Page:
Does Nissan Murano Hold Its Value? And Other Cost Considerations

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Most would agree that the Nissan Murano, starting at $31,000, is pretty good value-for-money in the mid-sized crossover class. However, even the best upfront deal can come back to bite you in the long run. Before you commit to buying it, you should ask does Nissan Murano hold its value?

 

That’s exactly the question we’re going to help you answer in a moment.

What factors influence a Nissan Murano’s resale value?

Being the responsible and knowledgeable car owner that you are, you probably know about most factors affecting your car’s resale value. The age, overall condition, mileage, and accident/service history are all givens.

 

If Fido happens to scratch some of your fine leather seats or you pick up a few nicks as your kids learn to drive, it’s going to hit you in the pocket.

 

However, news affecting your car’s brand, fuel prices, and new cars coming out can all affect the resale value. It’s these factors that you can’t really plan for, and you’ll just have to prepare yourself to be able to roll with the punches.

How fast does a Nissan Murano lose its value?

If you want a reliable car with a long lifespan, you buy Japanese. Knowing this, you might expect the Murano to do better than average when it comes to keeping its value.

 

In general, a car loses about 11% of its value the moment it drives off the lot. Throughout the first year, it can go down up to 30%. The first three years are when a car loses its value the most quickly. Afterward, the pace drops to about 10% per year.

 

For the last few years before the car reaches its 10-year milestone, the pace can go as low as 5 or 6%. After that, depreciation basically flatlines because the car is (usually) already at a third of its original value.

 

It’s worth noting that cars are depreciating at a slower rate as their quality and longevity are improving.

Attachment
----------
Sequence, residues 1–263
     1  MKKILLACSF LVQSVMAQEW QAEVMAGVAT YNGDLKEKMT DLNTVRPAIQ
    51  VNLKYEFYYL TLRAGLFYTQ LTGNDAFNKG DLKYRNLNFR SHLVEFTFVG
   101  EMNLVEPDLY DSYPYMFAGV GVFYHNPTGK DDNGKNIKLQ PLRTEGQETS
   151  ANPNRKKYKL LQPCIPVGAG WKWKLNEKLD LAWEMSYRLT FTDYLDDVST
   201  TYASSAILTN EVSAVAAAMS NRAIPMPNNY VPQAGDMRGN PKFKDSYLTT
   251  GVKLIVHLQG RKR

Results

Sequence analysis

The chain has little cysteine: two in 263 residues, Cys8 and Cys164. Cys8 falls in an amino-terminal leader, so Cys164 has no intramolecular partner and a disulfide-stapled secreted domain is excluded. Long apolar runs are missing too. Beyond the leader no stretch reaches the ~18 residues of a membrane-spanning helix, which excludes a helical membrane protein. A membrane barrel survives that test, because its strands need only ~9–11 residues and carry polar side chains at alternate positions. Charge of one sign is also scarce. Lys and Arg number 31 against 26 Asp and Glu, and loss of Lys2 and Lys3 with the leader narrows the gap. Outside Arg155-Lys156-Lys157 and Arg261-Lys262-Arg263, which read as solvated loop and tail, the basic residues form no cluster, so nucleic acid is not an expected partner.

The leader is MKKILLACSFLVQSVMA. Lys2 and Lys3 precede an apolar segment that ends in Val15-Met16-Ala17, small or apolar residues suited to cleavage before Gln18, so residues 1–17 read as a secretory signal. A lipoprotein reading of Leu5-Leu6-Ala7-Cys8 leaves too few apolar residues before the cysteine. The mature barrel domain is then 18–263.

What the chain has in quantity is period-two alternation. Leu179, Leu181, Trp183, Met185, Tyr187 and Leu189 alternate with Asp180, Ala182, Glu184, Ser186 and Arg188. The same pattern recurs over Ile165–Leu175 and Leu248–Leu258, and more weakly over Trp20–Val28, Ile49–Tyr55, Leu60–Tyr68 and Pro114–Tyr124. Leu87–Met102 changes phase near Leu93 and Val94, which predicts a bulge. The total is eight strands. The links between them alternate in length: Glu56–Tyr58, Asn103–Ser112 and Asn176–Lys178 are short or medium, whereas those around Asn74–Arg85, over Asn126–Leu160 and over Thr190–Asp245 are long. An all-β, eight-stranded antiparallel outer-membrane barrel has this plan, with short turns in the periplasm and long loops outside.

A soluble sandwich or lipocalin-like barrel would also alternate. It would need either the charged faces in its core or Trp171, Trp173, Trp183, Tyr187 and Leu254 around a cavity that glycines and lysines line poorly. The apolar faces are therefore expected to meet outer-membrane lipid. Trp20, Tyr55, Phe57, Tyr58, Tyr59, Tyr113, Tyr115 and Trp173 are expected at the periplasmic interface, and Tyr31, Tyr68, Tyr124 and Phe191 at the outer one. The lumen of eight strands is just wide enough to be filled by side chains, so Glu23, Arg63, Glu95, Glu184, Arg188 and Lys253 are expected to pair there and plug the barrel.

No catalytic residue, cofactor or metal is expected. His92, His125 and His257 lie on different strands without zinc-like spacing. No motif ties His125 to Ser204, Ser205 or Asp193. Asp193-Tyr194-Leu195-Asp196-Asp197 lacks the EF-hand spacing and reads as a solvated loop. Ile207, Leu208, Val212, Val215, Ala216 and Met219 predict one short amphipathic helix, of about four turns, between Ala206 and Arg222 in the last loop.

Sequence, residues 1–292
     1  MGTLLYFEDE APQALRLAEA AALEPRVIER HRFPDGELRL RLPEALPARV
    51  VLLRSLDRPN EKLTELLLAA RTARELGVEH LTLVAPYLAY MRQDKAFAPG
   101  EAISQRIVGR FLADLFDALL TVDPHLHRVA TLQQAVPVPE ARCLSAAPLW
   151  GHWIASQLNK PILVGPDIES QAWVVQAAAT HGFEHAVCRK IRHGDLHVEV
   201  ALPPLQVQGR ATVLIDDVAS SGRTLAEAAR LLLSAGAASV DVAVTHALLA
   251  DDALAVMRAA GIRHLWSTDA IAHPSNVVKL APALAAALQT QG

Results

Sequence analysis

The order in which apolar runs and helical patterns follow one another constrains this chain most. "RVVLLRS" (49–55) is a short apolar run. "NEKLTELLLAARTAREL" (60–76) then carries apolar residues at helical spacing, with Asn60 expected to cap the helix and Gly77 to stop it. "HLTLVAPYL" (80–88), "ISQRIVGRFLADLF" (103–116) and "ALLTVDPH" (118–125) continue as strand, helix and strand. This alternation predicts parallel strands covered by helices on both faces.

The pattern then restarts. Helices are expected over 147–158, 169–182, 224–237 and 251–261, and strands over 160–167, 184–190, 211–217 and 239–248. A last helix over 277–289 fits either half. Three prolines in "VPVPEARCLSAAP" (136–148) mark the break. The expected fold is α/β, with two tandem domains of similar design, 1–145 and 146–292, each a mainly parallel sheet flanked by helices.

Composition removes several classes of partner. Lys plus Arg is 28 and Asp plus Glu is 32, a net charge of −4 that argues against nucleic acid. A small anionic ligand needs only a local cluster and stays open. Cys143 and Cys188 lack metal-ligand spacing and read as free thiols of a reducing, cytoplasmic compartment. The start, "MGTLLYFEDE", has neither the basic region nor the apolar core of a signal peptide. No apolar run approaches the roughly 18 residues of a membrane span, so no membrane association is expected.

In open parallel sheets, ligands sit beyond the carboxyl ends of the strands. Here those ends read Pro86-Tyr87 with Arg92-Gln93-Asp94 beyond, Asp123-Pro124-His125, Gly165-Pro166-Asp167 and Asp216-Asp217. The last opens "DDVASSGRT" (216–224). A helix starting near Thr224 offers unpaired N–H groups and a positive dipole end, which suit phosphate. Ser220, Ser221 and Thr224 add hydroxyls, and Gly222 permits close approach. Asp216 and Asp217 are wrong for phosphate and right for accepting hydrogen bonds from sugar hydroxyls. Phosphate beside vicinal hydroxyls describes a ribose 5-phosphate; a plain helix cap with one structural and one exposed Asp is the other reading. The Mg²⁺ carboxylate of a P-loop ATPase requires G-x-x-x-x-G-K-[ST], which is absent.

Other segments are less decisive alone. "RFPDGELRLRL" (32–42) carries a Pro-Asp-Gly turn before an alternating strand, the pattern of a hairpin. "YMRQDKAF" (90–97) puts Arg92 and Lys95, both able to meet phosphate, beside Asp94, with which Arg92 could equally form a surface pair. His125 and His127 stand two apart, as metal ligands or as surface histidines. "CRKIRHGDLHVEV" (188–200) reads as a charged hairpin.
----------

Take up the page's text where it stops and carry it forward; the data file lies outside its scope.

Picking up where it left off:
When considering does Nissan Murano hold its value, the good news for prospective owners is that this car does do slightly better than average.

 

Thanks to data from UsedFirst.com, we can see that the 2018 Murano lost on average 27.04% of its value in one year. Looking at older models, you can see that the pace of their depreciation dropped off significantly over the last year. The 2017 model only lost a further 5.37% while the 2016 model lost only 11.32%.

 

Looking at the 2007 model, the average value is depreciated to about a quarter of the original price.

 

From this, we can surmise that the 2017 model is a particularly popular option as it’s done an excellent job of holding its value.

What does that mean for me?

When we look a the average, we can plot out what your resale value might look like. If we factor in the handling charges, taxes, title charges, and license fees, the entry price for the 2019 Murano is about $36,000.

 

Let’s say you need to sell it after only the first year. You’re already looking at somewhere around $26,640. In three years, that figure will be in the region of $22,287.

 

If you manage to avoid any major incidents for around 10 years, which is considered the ideal situation, you could still get as much as $10,000. 

 

That could be a nice amount to put towards buying a brand new car.

 

If you’re paying down your car, remember to factor it into your financial analysis. Whatever you have left to pay will also need to be deducted from the value left after depreciation.

What will the running costs be for your Nissan Murano?

If depreciation and down payments aren’t enough, we have one more variable to add to your calculation. It’s well known that different brands and different models require more or less maintenance.

 

The cost of parts and the labor to work on that car can also vary. 

 

Luckily, Nissan is considered to be a reliable brand. Recent Murano models are also free from any major scandals or recalls. 

 

According to data from YourMechanic.com, the average maintenance cost of a Murano is about $361 per year. That’s for day-to-day maintenance as well as one or two hiccups. You might start to experience one or two major issues around the 10th year.

So, does Nissan Murano hold its value?

Looking at the information that’s available to us, it does seem like the Nissan Murano does an OK job of holding its value. Sure, it’s not a world-beater but when it comes to cars, the best you can do is try to make the best choice with the information you have and hope for the best. For all the data and all the number-crunching, we can’t account for the most telling factor when it comes to the question does Nissan Murano hold its value. The biggest factor is how well you take care of your car and how lucky you are in staying accident-free.

 

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